In 1993, Eritrea declared independence from Ethiopia. Although an Eritrean constitution was proposed in 1997, it was never ratified. Eritrea is totally controlled by President Isaias Afwerki and his People’s Front for Democracy and Justice. In 2018, a 20-year border war with Ethiopia concluded when Afwerki made peace with Ethiopia’s Prime Minister, Abiy Ahmed Ali.
Both the United Nations and Human Rights Watch have named Eritrea as one of the world’s most oppressive countries. In 2020, the nation was ranked as the most censored country in the world, as it has no independent media outlets.
Eritrea has only four recognized religious dominations: Sunni Islam, Eritrean Orthodox, Roman Catholicism, and Evangelical Lutheran. Other groups face persecution and imprisonment. Jehovah’s Witnesses who refuse to serve in the Eritrean military are held at Mai Serwa Asmera Flowers Detention Facility, a labor camp where prisoners are held in conditions inadequate for survival.
Eritrea forces all citizens to serve for an indefinite period with the military. Students spend their final secondary school year at Sawa military camp. In 2020, despite the closure of schools due to the COVID-19 pandemic, students were still sent to train at Sawa. This conscription has forced many young adults to flee to Europe.
On November 4, 2020, war began in Tigray between Ethiopian federal forces and the Tigrayan Peoples Liberation Force (TPLF). Both Eritrean President Afwerki and Ethiopian President Abiy Ahmed Ali consider the TPLF as their common enemy.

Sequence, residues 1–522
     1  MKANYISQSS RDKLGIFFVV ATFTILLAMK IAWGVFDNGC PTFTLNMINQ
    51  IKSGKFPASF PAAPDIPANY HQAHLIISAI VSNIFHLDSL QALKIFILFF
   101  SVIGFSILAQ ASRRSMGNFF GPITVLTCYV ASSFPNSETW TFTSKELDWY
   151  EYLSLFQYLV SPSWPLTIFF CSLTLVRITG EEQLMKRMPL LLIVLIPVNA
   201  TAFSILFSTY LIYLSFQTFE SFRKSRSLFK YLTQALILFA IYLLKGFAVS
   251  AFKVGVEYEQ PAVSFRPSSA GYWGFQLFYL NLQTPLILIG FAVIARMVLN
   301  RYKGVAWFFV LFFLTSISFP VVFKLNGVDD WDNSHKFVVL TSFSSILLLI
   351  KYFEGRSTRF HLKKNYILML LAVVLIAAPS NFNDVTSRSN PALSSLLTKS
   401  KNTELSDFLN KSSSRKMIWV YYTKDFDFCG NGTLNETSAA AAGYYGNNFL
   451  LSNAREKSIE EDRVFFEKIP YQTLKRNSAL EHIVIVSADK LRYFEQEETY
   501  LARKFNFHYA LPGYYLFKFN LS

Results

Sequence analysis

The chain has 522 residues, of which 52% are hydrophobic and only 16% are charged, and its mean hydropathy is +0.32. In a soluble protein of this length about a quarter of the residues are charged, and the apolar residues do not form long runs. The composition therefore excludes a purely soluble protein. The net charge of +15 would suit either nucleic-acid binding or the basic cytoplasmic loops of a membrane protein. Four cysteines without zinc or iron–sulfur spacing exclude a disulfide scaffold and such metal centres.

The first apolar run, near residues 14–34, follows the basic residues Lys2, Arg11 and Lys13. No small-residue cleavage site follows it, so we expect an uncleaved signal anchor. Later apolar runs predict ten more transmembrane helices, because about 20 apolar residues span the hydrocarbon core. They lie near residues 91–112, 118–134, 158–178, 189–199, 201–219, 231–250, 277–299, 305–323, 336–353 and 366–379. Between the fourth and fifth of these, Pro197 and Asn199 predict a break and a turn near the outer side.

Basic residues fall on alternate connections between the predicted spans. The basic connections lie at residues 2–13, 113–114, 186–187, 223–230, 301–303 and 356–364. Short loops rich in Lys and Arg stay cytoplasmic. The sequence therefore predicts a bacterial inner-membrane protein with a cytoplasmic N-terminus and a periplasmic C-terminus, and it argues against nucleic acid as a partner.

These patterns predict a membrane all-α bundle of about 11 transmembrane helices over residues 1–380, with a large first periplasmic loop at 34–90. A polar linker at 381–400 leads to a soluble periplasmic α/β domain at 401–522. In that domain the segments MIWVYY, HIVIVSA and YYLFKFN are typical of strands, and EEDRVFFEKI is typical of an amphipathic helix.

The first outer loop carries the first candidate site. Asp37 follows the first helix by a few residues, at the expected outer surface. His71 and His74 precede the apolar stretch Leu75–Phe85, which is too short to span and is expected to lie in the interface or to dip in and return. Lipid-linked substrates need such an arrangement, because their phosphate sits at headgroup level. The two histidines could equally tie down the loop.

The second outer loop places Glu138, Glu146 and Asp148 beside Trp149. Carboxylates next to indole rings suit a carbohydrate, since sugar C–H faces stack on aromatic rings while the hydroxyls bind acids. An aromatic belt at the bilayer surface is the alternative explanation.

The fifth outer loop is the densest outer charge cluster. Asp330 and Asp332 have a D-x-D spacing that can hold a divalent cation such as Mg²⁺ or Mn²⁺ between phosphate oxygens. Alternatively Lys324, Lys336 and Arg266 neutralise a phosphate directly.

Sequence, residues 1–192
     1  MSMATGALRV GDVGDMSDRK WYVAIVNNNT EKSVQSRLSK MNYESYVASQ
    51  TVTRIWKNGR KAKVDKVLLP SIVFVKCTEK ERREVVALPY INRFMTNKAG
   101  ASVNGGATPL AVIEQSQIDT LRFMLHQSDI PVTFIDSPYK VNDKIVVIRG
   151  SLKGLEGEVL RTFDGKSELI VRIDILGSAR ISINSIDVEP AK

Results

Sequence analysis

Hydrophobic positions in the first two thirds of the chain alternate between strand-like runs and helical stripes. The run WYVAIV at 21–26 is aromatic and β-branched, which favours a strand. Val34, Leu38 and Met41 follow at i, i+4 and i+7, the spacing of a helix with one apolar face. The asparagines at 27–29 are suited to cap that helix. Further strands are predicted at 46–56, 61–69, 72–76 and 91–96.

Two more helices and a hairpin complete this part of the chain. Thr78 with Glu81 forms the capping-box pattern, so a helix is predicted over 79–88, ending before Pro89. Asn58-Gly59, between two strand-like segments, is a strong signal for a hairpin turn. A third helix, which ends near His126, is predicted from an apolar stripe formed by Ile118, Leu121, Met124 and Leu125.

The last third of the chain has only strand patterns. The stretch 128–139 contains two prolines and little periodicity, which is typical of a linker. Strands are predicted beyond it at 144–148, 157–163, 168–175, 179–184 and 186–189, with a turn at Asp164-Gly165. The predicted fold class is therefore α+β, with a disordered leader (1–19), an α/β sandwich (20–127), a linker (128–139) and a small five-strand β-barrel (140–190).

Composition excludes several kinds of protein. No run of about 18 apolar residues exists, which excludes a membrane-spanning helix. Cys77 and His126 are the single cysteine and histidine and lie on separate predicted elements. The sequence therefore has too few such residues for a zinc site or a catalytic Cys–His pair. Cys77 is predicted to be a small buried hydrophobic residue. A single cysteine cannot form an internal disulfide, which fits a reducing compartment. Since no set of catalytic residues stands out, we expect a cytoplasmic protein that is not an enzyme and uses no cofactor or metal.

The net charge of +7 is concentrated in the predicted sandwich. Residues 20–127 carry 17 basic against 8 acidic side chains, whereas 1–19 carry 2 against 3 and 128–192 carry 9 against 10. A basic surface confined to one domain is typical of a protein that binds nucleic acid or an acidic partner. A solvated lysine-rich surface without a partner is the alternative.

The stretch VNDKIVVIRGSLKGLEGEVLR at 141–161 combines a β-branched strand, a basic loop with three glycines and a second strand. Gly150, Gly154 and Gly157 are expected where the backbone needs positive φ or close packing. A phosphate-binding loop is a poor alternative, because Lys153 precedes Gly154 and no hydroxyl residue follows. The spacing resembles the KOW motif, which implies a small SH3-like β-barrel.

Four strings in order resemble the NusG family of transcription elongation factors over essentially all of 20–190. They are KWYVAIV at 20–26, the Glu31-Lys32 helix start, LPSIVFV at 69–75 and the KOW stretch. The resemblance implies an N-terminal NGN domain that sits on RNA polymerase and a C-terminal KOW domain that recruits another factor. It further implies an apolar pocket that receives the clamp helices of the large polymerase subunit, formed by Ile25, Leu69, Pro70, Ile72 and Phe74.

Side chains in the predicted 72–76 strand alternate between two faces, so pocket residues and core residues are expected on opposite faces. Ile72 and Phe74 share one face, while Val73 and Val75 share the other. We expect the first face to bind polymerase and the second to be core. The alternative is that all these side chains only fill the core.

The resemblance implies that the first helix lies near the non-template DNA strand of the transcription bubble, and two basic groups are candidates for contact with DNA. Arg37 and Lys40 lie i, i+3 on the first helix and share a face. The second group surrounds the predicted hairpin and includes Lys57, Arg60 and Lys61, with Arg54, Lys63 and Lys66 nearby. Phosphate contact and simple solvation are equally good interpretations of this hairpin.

In 2020, the Eritrean military invaded Tigray with the tacit consent of Ethiopia. Eritrea acknowledged its presence in Tigray in April 2021. Eritrean soldiers have targeted ethnic Tigrayans with pillage, mass rape, and genocidal massacres.
Eritrea has provided food and clothing to Ethiopian soldiers in Tigray. Despite announcing their intent to withdraw at the beginning of April 2021, no Eritrean troops have left Tigray. They continue to inflict atrocities on Tigrayan civilians.
Due to decrees that grant Afwerki total power, target civil rights, and silence media, Genocide Watch recognizes the situation in Eritrea to be at Stage 6: Polarization and Stage 8: Persecution. For its genocidal massacres of Tigrayans, Genocide Watch recognizes Eritrea to be at Stage 9: Extermination.
To prevent further human rights violations in Eritrea, Genocide Watch recommends:
· The Eritrean army should withdraw from Tigray immediately.
· A U.N. Human Rights Council Fact Finding Mission should investigate Eritrea's crimes against humanity in Tigray, as well as human rights violations in Eritrea.
· The 1997 Eritrean constitution should be ratified, and citizens should be guaranteed freedom of religion, speech, and assembly, and the right to vote.
· All political prisoners should be immediately released, as well as prisoners held without trial.
· Prison conditions should undergo thorough humanitarian reform.
· Under the African Charter on the Rights and Welfare of the Child, the Eritrean government should allow children to receive their education without requiring any military training.
· Mandatory service by all Eritrean citizens in the Eritrean military must be abolished.